The duties of an insolvency practitioner (IP) are wide and varied to suit the number of roles they can take on when dealing with companies that require help and advice regarding insolvency, business finance and business turnaround procedures.
IPs mainly work with insolvent individuals and companies and those who are struggling with their cash flow. The main obligation of an IP is to the creditors of the company or individual, regardless of any competing interests which may arise. As a result, they will endeavour to try and rescue the business where possible.
The statutory regulations of the Insolvency Act 1986 and Insolvency Rules 1986 will be followed and complied with by all IPs throughout their work. As well as working to the regulations which are in place, our IPs are licensed and regulated by the ICAEW.
An IP’s duties include:
- Providing professional advice to try to prevent insolvency
- Negotiating with the creditors, and other parties, of a company or individual
- Realising the assets of a company for the best possible return to creditors after marketing to a wide range of potential buyers
- Carrying out all statutory duties as required by law
- Providing regular reports to creditors on the progress of insolvency procedures.
- Investigating company affairs and director conduct, where necessary, and file a report to the Insolvency Service.
An IP can hold different roles dependent on the company’s circumstances and what process would produce the best outcome for the creditors of that company.
The different roles an IP can hold are:
In an administration, the IP acting as administrator will prepare a proposal to put to creditors which should rescue the company and produce a better outcome for the creditors than liquidation.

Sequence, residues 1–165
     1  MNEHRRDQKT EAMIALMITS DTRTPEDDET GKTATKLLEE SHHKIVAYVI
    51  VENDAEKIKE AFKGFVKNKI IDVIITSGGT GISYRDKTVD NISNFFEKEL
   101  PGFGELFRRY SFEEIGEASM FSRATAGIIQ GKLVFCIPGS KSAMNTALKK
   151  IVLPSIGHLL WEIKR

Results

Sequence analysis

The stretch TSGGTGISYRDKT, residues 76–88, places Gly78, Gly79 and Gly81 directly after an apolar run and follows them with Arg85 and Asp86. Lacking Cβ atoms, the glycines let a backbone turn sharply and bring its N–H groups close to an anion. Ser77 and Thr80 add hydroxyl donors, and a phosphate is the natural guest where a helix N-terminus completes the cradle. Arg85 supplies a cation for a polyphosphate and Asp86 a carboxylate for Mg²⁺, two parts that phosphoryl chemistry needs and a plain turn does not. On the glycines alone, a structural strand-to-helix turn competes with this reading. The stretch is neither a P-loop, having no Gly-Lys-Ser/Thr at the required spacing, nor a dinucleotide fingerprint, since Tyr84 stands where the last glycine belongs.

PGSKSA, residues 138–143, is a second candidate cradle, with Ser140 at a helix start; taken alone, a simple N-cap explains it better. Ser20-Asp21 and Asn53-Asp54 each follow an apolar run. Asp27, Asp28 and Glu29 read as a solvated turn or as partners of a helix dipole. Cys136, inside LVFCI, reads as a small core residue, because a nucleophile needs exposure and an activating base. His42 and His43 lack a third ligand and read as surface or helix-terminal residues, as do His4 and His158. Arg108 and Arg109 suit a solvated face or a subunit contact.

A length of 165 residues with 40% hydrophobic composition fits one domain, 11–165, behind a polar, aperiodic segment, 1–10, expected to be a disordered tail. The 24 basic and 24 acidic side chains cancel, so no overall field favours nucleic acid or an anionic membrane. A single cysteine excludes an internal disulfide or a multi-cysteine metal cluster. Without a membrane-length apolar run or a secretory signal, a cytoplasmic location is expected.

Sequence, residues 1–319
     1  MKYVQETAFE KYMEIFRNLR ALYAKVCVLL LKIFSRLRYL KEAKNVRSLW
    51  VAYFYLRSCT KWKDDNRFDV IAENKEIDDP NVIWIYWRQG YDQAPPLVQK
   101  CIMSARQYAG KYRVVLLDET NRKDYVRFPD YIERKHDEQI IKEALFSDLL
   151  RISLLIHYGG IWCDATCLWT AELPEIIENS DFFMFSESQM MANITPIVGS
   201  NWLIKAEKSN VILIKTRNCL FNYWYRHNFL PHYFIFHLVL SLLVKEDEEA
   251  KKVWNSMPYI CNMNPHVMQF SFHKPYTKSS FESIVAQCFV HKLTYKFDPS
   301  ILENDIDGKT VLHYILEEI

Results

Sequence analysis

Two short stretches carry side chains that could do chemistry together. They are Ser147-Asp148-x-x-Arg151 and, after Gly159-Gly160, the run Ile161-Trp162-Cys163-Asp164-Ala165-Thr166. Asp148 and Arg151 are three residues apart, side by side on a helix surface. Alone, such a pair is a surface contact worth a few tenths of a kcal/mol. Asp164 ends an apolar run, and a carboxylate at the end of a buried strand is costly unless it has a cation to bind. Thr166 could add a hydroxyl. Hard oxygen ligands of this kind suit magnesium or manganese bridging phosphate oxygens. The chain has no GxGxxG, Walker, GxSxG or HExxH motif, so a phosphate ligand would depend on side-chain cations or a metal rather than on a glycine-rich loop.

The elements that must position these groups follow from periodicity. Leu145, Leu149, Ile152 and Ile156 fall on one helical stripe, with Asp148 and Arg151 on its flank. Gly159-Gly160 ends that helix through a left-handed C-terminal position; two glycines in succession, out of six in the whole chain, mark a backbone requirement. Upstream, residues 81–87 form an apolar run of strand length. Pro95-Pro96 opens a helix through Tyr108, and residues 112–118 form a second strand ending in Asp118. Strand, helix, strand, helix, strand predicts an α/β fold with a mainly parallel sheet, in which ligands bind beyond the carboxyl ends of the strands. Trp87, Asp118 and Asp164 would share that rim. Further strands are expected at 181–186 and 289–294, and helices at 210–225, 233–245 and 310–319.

However, in certain circumstances, it may be a better outcome for creditors and other parties to arrange a pre-pack administration. This is where the directors and/or investors have the opportunity to purchase the business/assets and continue to trade through a new company.
The administrator must be satisfied that a pre-pack is the best option for creditors than any other procedure.
In a liquidation, assets will be realised and funds will be distributed to creditors equally. The liquidator will also have a duty to investigate the conduct of the director(s) for the three years leading up to the insolvency.
In a compulsory liquidation, liquidators take complete control of the company from its director(s) in order to wind up and close down the company.
In a member’s voluntary liquidation (MVL) which is a solvent liquidation, the liquidator will only distribute company funds amongst its members as the company should have already ceased trading, let all staff go and sold off its assets.
A provisional liquidator will usually be appointed in a compulsory liquidation before a liquidator is appointed formally by the court. His duty is to ensure the assets of the company are not removed prior to the business being forcibly wound up, safeguarding creditor interests.
An administrative receiver is appointed on behalf of a secured creditor, such as a bank, to act on behalf of them when collecting the money which is owed to them. The administrative receiver will realise the assets in question to pay the secured creditor. They will not have a duty to any other creditors of the business regardless of their financial position with them.
Supervisor in a voluntary arrangement
When a company enters into a company voluntary arrangement (CVA), an IP will be appointed as supervisor to ensure the terms are met and the monthly payments are distributed to creditors as agreed.
If your business is struggling with its cash flow or you need some advice moving forward, get in contact with us on 0800 901 2475 as soon as possible. Our experienced advisers will take the time to understand your situation and point you towards the best solution for your business.